We need politicians to be more accessible in the everyday lives of Canadians, not less. Politicians should not have to be fearful of engaging in public events, and parents shouldn’t have to be worried about whether it is safe to bring their kids to an event in their community. Photo credit: The Canadian Press/Lars Hagberg
As part of the summer circuit that routinely sees politicians of all political stripes travel across the country, the itinerary for Prime Minister Justin Trudeau had him scheduled for a walkthrough of a farmers’ market in Belleville, Ontario last week.
Photo ops of this nature are not unusual, and the goal is to showcase a politician in a local community and meet with identified supporters. In the case of last week’s event in Belleville, parents and their children were present for their chance to glad hand with the Prime Minister.
But for a routine stop in a public venue, things quickly went off the rails.
Once onsite, nearly 100 protestors flooded the market and surrounded the Prime Minister, using this public visit as an opportunity to yell expletives and get in the face of Trudeau’s security detail.
While these kinds of events can sometimes draw the ire of community members who support other political parties, they are not closed to the public. The Prime Minister’s itinerary is made public each day, and it’s just as much an opportunity for motivated individuals to air their grievances in the form of protesting if they so choose, as it is for community members to come out and show their support.
What we witnessed last week wasn’t a respectful protest, however. Rather than use the opportunity to try and engage in constructive dialogue, or leverage the presence of the sizable group to draw media attention to some of the problems that are being ignored by the government, the angry mob chose to heckle and shout.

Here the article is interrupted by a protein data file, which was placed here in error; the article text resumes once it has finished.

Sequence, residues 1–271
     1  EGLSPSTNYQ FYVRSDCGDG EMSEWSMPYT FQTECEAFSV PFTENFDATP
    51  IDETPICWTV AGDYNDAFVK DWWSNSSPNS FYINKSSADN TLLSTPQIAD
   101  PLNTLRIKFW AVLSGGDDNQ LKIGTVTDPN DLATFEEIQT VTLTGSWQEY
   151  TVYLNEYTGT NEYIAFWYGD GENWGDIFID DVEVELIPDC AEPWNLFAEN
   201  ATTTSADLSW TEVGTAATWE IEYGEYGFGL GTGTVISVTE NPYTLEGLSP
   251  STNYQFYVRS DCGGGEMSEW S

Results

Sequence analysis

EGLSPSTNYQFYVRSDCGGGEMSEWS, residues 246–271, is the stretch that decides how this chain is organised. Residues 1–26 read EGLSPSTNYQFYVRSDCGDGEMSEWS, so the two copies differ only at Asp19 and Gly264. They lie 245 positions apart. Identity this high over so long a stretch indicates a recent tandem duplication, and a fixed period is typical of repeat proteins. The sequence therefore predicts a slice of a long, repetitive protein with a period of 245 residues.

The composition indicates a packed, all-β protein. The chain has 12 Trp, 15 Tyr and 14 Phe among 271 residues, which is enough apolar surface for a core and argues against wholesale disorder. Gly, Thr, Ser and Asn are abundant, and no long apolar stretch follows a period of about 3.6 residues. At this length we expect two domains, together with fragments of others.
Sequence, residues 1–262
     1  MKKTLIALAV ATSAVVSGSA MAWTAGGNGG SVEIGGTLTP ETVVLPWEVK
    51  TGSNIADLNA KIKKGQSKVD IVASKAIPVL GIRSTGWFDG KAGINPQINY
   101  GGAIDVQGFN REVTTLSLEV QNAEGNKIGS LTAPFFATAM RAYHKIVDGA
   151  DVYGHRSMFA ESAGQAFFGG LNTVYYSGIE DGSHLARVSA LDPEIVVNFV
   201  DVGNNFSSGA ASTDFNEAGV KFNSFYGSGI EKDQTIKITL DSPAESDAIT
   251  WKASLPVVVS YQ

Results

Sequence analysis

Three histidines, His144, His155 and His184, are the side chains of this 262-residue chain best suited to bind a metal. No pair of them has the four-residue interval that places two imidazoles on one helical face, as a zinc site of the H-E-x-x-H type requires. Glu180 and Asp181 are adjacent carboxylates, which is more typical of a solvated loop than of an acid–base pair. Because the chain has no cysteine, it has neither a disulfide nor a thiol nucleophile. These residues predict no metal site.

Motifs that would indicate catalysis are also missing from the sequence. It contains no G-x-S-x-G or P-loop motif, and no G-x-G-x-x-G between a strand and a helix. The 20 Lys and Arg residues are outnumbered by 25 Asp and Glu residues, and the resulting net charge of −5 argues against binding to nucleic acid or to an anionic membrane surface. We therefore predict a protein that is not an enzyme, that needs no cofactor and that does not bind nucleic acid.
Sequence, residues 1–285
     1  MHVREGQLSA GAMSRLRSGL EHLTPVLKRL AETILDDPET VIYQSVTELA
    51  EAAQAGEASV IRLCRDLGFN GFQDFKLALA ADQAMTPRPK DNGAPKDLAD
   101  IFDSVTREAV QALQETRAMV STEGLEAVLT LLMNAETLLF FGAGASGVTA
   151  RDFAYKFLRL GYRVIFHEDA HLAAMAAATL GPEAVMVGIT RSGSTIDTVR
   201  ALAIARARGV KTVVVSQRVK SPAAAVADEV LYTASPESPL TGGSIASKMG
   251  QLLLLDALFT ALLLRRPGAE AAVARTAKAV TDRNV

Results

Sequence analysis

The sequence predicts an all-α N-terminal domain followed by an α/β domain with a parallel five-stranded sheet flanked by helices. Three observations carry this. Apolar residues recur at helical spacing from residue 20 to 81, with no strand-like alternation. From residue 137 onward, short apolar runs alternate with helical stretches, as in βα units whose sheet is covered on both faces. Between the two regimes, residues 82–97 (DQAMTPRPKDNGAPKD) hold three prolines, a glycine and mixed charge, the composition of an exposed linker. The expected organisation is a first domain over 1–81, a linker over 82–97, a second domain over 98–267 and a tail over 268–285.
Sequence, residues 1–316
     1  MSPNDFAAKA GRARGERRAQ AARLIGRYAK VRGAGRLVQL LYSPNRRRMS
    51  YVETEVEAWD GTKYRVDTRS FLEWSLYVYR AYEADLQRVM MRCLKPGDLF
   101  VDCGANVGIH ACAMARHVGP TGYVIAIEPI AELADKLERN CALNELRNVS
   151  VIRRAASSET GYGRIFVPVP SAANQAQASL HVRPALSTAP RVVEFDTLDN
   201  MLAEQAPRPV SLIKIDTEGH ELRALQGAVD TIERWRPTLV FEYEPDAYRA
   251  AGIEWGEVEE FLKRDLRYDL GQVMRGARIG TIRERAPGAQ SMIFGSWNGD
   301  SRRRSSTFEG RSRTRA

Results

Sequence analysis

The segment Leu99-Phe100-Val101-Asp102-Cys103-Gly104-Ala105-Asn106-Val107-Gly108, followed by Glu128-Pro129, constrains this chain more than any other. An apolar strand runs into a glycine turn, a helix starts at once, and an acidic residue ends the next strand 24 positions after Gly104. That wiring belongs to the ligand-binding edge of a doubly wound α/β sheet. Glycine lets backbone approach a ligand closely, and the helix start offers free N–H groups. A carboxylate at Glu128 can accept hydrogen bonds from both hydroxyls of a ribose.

Video of the event in Belleville was shared widely, and several media outlets ran with the story. To read the comments associated with these posts was to open the door to baseless conspiracy theories speculating that the Prime Minister’s office paid actors to show up to protest, or alternatively, to place blame on Trudeau for choosing to wade through the crowd.
There are important questions that need to be addressed regarding safety and security. But the fact of the matter is we need politicians to be more accessible in the everyday lives of Canadians, not less. Politicians should not have to be fearful of engaging in public events, and parents shouldn’t have to be worried about whether it is safe to bring their kids to an event in their community.
As for anyone making the case for the fact that Trudeau has gotten his comeuppance for eight years of polarizing policies, the reality is that these vile acts of disgruntlement don’t stop when he is no longer Prime Minister. We need only look south of the border to see that this type of polarization has a way of permeating society and taking hold.
In today’s 24-hour cycle of social media, it’s easy to forget that serving on behalf of Canadians and stepping up to seek public office comes with its fair share of challenges. But this shouldn’t be a partisan issue. Whether or not you agree with the politics of the governing party, most can probably agree that last week’s event shouldn’t be a child’s first memory of meeting an elected official.
Rather than embrace anger, we owe it to the next generation to show respect when disagreeing, and to use the ballot as the ultimate vehicle for change.
Josie Sabatino is a Senior Consultant at Summa Strategies, focused on providing strategic insight and helping clients meet their objectives in an ever changing and complex political and regulatory environment. Prior to joining Summa, Josie spent nearly a decade in political communications and most recently served as the Director of Communications to the Hon. Erin O’Toole, former Leader of the Official Opposition.